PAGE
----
15. Levels - too high or too low • 6. Distorted or Low Audio CANNOT be fixed in post-production • Distorted audio - if audio is recorded too loud on the original tape, it is virtually impossible to remove the distortion in editing... in other words the audio is useless.

    16. Handheld Mic • keep mic still - new talent is prone to hand waving • 8 inches to a foot from the mouth (don't eat the mic but keep it close) • if talent isn't comfortable, you hold it for them

    17. Handheld mic • frame shot to minimize reporter's arm in the shot • if possible, frame the shot tight and have the mic off-camera

    18. Lav mic • first, evaluate talent placement and potential for movement • Any movement of the mic may affect the sound quality (e.g., mouth pointed away from mic, mic rubbing/scraping on clothing).

    19. Lav mic • place mic near mouth, 8-12 inches away on lapel, tie or collar. Too close = rumbling, popping, distortion; Too far = tinny, thin, low volume, room noise. • place in center of chest if talent movement is likely • place toward direction talent is speaking if the direction they will speak will be consistent

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    22. (e.g., lengthy Barbara Walters type interview, if Babs is to the right of the interviewee, place mic on the interviewee's right lapel)

    23. - coil cable gently in clip, but don't pinch it

    24. - hide cable under clothing, jacket, tie, blouse - tactfully.Anyone who is used to being interviewed will know how to do this.

    25. - be courteous and respectful when asking talent to hide the cables (pro talent won't think twice, rookies may hesitate). You don't want the cables showing... it looks tacky.

    26. - in a windy situation, create a gaff-tape cradle for the microphone under the collar to reduce wind noise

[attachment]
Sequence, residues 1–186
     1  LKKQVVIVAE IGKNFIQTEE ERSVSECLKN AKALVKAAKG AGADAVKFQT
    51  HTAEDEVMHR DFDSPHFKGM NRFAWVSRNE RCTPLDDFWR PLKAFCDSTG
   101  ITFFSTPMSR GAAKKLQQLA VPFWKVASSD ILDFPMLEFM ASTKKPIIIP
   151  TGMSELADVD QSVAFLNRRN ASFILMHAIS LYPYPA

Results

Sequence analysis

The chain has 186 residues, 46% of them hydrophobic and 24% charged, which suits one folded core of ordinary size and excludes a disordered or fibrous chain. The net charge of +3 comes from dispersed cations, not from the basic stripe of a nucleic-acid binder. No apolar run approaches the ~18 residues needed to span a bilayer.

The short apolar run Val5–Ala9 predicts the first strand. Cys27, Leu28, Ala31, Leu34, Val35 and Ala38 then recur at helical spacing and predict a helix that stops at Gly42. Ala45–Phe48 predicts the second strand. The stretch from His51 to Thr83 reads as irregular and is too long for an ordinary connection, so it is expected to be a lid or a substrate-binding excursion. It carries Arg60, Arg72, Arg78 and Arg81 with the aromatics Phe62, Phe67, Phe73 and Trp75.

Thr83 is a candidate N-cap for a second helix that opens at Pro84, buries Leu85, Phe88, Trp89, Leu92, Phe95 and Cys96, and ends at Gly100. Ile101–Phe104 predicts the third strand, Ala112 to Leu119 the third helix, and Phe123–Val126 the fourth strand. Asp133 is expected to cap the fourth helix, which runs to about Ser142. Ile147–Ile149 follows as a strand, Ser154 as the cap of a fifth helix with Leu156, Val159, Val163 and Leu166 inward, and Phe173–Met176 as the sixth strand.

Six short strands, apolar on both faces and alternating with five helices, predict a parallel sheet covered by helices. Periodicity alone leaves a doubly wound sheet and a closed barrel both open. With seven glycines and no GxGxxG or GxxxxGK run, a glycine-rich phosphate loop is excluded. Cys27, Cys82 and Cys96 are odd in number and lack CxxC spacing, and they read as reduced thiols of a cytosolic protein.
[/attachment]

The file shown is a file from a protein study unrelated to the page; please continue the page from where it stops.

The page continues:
27. * Shotgun or boom mic

    28. - mount to a fishpole or boom and get the mic near the talent

    29. - plan/work with shooter to determine shot composition and keep mic just out of frame

    30. - point mic toward sound source - pay attention and adjust as talent, shots change

    31. - try to point either upward or downward....pointing straight ahead (parallel to the ground) will likely pick up unwanted sounds from behind the talent

    32. - avoid banging cable on the fishpole, it creates noise

    33. 8. Ambiance - always record at least 30 seconds (a minute is better) of ambiance - room noise, exterior sound

    34. * ambiance may be needed in editing to cover voice-overs or other sound problems

    35. * ambiance is a form of nat sound (natural sound) that is used under edits to keep the background sound consistent with no dropouts

    36. * to gather ambiance: let camera run for a minute and mark it on the field log

    37. 9. Environmental noises

    38. be aware of unwanted noises that might interfere with the sound you are trying to capture

    39. * often we don't notice them on location, but will in post- production

    40. - nearby construction is terrible (saws, hammers, etc...)

    41. - motors running really show up on tape

    42. - air conditioning, heating can cause serious problems